I’ve reached the age where I have to worry about my parents and their health. So as I navigate this stage of life, I am trying to figure out what to do and how to do it. I’ve been trying to share my hard earned knowledge with my husband so that when he starts doing this for his parents, he can learn from my mistakes and lack of knowledge. There are so many paths to navigate, and everyday I realize that something should have been done a different way.

So with this in mind, I have been thinking about a few things:

Should a person just set a date in the future where they start to give power to someone that they trust and respect? Like…at 65, should I start to give my daughter power of attorney over certain aspects of my life? Should I begin to make her my HIPAA guardian, so to speak?

Here’s my reasoning: I’ve noticed that by the time my parents needed help, it was really hard getting my sister and I added to things. We are still in the process of making sure that we can talk to all their medical professionals, and that we can help them with bills and such. It’s a lot of work.

And then I must add…while my parents are mentally capable at this point, who’s to say that I will be as I age? I watch “This is Us”. I’ve read a few memoirs of people facing this, as well as seeing parents of my friends deal with dementia. To need to unravel all the things you need to help a parent who is facing dementia is daunting…

So I’m seriously considering setting up some sort of trust where at age 65 my daughter has the ability to help out and jump in to help me out. And making my husband do the same. I don’t want her to have to worry out the pesky details- I want her to be able to concentrate on helping us and her still being able to function in her own life.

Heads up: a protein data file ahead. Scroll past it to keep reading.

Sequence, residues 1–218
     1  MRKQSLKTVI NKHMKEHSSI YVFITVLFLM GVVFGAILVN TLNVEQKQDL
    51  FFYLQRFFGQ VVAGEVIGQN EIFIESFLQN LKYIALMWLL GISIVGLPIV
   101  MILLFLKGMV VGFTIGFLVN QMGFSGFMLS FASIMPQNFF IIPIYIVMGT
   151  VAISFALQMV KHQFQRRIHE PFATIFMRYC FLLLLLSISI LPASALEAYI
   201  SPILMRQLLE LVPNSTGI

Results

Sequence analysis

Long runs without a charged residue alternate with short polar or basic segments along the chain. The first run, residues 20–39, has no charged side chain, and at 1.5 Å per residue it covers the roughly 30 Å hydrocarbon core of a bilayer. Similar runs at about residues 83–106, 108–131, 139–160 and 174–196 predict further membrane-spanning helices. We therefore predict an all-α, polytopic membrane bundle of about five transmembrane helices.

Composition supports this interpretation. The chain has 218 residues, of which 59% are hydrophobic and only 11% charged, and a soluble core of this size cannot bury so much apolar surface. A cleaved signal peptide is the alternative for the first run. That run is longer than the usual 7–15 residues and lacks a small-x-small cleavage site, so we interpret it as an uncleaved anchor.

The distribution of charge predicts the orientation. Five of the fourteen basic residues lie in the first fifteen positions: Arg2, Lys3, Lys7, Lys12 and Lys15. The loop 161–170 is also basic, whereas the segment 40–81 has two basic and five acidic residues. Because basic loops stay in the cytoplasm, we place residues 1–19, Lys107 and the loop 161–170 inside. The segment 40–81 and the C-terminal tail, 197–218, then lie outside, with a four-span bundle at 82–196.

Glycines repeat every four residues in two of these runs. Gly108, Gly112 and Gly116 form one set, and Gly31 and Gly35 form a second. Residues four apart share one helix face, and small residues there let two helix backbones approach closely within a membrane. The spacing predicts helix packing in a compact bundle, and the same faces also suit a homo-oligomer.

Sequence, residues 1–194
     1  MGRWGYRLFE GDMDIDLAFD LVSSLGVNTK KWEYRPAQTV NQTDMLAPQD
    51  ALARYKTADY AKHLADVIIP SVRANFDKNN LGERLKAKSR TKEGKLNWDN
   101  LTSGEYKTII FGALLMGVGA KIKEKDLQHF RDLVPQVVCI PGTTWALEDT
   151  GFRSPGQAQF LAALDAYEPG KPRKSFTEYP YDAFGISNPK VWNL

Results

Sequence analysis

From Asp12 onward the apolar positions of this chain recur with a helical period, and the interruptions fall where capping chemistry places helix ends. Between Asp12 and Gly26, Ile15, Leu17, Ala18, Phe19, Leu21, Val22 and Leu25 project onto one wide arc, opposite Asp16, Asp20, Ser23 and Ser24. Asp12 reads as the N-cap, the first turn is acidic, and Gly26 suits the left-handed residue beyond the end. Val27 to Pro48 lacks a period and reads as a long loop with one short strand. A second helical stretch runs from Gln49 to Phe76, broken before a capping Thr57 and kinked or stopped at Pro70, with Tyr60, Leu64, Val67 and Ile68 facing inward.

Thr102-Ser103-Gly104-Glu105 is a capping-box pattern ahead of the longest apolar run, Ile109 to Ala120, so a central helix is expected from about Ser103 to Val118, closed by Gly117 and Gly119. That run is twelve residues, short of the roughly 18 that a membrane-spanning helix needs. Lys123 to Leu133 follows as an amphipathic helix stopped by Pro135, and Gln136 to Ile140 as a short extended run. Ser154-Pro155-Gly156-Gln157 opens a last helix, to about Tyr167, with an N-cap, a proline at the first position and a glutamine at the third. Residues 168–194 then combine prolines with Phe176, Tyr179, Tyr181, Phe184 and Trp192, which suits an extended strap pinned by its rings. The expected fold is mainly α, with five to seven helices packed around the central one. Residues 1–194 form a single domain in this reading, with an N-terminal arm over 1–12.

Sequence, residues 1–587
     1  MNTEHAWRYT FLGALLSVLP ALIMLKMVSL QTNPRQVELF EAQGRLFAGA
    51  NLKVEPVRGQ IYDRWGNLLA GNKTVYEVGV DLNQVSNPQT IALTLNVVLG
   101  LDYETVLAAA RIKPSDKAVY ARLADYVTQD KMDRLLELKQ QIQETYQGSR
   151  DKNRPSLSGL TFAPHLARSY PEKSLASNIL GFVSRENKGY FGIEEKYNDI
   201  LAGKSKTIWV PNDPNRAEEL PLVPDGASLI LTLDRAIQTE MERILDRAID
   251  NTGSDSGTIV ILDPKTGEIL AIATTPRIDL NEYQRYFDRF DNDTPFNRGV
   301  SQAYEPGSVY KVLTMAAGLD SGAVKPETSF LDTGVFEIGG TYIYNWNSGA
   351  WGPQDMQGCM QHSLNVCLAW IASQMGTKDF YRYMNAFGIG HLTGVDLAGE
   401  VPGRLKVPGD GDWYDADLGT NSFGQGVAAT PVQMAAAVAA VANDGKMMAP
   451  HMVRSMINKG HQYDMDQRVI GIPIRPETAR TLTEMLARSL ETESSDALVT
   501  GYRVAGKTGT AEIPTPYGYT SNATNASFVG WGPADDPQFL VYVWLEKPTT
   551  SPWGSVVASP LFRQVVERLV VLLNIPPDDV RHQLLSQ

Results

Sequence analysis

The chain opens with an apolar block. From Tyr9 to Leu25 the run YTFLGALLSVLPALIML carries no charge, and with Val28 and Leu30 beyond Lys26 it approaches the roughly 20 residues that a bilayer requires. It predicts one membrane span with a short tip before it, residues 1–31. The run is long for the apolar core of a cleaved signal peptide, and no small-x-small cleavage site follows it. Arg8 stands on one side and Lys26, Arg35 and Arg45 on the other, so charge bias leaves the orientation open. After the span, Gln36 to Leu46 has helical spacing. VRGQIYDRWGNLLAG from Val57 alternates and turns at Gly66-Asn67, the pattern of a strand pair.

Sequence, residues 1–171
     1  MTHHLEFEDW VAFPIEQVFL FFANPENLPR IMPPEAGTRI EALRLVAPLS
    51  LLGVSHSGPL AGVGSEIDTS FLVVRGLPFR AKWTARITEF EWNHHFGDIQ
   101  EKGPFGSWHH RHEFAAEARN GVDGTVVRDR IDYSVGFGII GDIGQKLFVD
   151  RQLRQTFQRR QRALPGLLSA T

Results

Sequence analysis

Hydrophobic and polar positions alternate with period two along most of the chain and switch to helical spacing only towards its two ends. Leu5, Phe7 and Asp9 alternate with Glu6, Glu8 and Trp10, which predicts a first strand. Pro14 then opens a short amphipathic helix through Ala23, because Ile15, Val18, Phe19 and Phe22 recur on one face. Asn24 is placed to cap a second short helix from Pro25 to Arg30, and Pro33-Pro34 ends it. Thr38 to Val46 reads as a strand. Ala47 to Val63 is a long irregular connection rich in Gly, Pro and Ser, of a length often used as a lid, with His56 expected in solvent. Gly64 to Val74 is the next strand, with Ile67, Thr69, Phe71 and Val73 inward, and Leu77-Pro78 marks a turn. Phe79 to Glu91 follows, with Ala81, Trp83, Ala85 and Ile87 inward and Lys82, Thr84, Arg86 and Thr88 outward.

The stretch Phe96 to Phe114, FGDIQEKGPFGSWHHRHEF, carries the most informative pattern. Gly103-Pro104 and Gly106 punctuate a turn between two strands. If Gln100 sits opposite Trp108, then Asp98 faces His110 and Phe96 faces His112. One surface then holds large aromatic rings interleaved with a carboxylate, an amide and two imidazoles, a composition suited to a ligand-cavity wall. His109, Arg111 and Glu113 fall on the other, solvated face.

Does that make sense?

I get that some people do worry about whether or not they will be able to trust another to take care of their “stuff”. I understand that. That’s a real fear. But ever since I saw that based on a true story movie about the woman who managed to become ward of some older people and take all their money, I figure that I 150% trust my daughter more than anyone else.

Would you be willing to pick an age to have someone else have the ability to jump in and help out? Or do you just not want to cede control?

Tell me your feelings on any part of this…

Discuss.

76 thoughts on “Put it in the Calendar

  1. Setting things like this up was a priority for me just after divorce. There is no specified date in mind but each kid has a purpose for the time when things start to go south. It was all part of planning out a will and such. I feel lucky that each kid can manage an aspect although they all know and agree that they have to work together overall. I specifically set it up this way because their dad is tossing everything onto the oldest one to handle. She’ll have enough to handle with him.

    Liked by 1 person

      1. I look at it as a continued work in progress. Things will change with time and so we keep the discussions open and review often, for now just verbally, but that could change as well.

        Liked by 1 person

  2. Oh, yes! Set it all up, even early. We have relatives set up to do those things already. We just adjust or rename every few years as things change. Most people labor under the assumption that nothing will ever change, even allowing their adult children to be dependent for far too long.

    Liked by 2 people

    1. Based on my own recent similar experience with my mom, in which I had the time to do what you’re suggesting, I know how much easier it was to have all this set up, or at least have some idea how to handle it, when the time came. I hope and fully expect to do what Chel has done for my kids’ benefit and for my peace of mind, now and when my time comes. In my case, this is a lot easier now that I don’t have to include my ex in this end-of-life planning.

      Liked by 2 people

  3. That is a great idea. We also watch This is Us and it echos things in my life. My parents are in their mid 80’s and dad only worried about the state getting his meager estate, so he planned for that. Well, mom is getting very forgetful and dad has beaten cancer 2x’s. I don’t see this ending well and when I bring up power of attorney etc all he says is “the trust has it outlined how to disperse the estate.” Ah no dad you’re missing the point.

    Liked by 2 people